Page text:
You have all the innate disadvantages of indie editing, except that you can budget for that in your crowdfunder, so you can spring for the professional firm or someone you trust right away.

Cover Design

Your publisher decides on the cover, but will pay artists & designers to make it for you.

You have the final say over the cover, but either you have to figure out Cover Design  101 or pay someone to do it well.

You have the final say over the cover, but your readers cover the expense of creating it.

Creative Control

Your publisher has the final word on what will & will not go in the book.

You have complete creative control.

You have creative control – provided your readers will support your idea.

Marketing & Promotion

Your publisher expects you to do more of this than they used to, but they will still do a lot of it for you. They’ll market to bookstores and contact radio shows and podcasts. You will still be expected to use your own platform (especially online) to market, and you’ll probably still have to pay for your own book tour. They will decide much of how you and your book should be presented to the public.

You are entirely responsible for the way you market yourself and your book. You’re also entirely responsible for the expenses. You probably don’t know as much about doing it as a professional publicist does, so there will be a lot of trial and error. Often, some of the places you’d like to promote to won’t talk to you because you don’t have a publisher’s clout.

You still have many of the inherent problems of indie marketing. The exceptions are a) you are NOT entirely responsible for expenses (you can budget for that,) and b) a crowdfunding outlet is already a marketing platform. If you succeed at your goal, some shows who wouldn’t have talked to you as an indie will, because it’s a heartwarming success story and it’s apparent you do have an audience.

I realize that Crowdpublishing is a bit like being PBS instead of MSNBC. You know that you have an audience. Although it might not be as easy for you to reach them as it is for corporations, that audience is dedicated enough to supporting your work that they are willing to ante up, sight-unseen. It’s “Funded in part by readers like you.”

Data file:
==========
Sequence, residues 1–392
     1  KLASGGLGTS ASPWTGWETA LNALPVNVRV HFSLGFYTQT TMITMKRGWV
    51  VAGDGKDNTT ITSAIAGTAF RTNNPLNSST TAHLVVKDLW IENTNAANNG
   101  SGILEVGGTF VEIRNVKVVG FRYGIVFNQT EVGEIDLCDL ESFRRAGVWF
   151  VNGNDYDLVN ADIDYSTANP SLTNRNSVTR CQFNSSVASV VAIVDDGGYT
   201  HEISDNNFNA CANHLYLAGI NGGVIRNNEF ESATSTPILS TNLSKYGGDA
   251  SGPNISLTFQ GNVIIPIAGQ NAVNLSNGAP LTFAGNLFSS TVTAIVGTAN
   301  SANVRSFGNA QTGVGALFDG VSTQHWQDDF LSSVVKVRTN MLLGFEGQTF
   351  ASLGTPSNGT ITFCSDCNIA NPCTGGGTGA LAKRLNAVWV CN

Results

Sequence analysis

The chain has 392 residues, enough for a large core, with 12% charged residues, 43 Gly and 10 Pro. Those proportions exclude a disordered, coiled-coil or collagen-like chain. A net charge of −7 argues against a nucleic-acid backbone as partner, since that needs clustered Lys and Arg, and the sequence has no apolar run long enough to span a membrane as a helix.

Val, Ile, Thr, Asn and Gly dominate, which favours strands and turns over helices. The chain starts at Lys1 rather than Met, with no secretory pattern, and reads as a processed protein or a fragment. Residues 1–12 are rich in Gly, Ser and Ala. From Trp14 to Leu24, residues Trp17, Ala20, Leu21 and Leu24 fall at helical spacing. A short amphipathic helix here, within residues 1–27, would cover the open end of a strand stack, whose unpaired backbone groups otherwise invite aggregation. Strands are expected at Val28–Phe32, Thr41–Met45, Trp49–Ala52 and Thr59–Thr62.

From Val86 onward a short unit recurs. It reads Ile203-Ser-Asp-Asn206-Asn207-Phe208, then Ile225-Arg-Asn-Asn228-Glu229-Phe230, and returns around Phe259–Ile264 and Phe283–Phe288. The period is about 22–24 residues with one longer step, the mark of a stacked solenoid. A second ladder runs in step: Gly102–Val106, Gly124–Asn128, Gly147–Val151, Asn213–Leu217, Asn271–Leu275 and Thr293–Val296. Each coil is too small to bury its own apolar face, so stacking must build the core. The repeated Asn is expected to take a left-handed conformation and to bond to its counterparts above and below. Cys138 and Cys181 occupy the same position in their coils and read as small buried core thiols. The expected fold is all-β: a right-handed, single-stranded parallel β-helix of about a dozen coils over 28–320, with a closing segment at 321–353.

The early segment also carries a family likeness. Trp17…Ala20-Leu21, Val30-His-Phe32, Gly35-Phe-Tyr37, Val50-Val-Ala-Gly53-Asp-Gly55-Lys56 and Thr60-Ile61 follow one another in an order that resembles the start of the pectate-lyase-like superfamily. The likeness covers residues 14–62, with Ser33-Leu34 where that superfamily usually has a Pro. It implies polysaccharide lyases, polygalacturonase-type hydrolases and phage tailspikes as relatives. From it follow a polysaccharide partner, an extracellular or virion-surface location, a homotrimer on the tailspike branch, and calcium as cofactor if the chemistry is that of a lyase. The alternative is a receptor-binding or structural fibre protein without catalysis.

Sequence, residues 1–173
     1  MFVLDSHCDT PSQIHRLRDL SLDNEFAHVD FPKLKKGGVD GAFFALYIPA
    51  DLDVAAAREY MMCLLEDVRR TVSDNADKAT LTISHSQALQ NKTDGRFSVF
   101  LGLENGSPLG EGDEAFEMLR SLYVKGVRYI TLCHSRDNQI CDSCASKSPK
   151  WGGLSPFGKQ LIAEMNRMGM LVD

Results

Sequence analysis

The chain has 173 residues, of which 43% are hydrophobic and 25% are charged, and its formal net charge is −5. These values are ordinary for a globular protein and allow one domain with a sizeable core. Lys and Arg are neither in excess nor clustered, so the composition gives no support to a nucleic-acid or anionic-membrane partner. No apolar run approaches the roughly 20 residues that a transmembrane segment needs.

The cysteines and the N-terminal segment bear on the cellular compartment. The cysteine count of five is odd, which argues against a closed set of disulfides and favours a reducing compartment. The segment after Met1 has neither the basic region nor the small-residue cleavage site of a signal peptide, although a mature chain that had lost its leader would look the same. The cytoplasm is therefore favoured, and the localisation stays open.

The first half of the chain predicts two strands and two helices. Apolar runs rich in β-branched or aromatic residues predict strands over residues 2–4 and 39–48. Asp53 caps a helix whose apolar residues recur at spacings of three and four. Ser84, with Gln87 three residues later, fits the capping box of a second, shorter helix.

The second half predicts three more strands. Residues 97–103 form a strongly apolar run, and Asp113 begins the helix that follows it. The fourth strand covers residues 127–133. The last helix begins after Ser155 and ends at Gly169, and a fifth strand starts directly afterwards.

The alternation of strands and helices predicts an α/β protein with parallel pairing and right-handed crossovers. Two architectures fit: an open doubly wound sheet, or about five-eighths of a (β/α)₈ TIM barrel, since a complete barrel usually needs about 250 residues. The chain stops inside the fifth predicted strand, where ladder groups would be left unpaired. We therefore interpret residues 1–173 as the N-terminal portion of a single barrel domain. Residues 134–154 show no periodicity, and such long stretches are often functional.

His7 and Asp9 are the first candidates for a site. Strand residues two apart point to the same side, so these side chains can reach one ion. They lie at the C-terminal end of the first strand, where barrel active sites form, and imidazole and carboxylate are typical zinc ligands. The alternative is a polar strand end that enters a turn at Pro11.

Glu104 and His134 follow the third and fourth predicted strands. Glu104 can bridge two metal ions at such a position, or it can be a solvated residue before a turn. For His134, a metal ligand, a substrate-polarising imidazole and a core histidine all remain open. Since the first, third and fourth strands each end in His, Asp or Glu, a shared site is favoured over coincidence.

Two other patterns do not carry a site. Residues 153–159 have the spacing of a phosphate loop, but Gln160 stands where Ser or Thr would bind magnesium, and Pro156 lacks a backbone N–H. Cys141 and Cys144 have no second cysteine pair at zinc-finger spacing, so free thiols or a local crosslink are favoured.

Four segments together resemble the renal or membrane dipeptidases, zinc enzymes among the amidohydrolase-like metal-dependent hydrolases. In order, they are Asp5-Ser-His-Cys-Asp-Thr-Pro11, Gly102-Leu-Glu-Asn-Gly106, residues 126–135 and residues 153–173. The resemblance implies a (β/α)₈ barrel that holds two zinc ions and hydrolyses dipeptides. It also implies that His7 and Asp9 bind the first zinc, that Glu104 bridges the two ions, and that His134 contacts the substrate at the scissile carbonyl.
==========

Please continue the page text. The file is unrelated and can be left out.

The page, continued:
It’s a godsend for SFF story markets. Many respected pro- and semi-pro markets use the Crowdpublishing model, including Clarkesworld, Uncanny, Strange Horizons, the entire EscapePod family, Third Flatiron, and more. And most SFF writers I know use the Crowdpublishing model, at least as far as setting up a Patreon, whether they’re just starting out or just shy of the New York Times bestseller list. I think this should be a point of pride.

I don’t believe that indie-publishing deserves its “lesser” reputation, because garbage gets published in all fields, and a big imprint is by no means a guarantee of quality. But I think when we’re asked if our project was self-published, we should smile and say, “No, it was Crowdpublished.” I think it’s a selling point.

I believe that any path a writer takes to success is a good one. Some people are really successful in the traditional or indie-publishing models, and regardless of which path they’ve taken, it’s hard. These are accomplishments worth taking pride in. But I think we should start thinking of Crowdpublishing as a third path within the literary market. There’s traditional publishing, and indie-publishing, and Crowdpublishing.

If you’re a writer who produces your own books, or a magazine editor, and you have a Kickstarter, GoFundMe or Patreon for the purpose, your work isn’t indie-published; it’s Crowdpublished. It’s not self-funded, or funded by shareholders; it’s funded by the public. And I think we should start talking about it that way.


Diane Morrison in an emerging neo-pro writer who successfully ran a Kickstarter to publish her book, Once Upon a Time in the Wyrd West. Under her pen name Sable Aradia, she is a traditionally-published non-fiction author and blogger. She lives in Vernon, BC, Canada and she manages the SFWA YouTube channel. You can catch her on Twitter as @SableAradia, which means she’s not writing when she should be.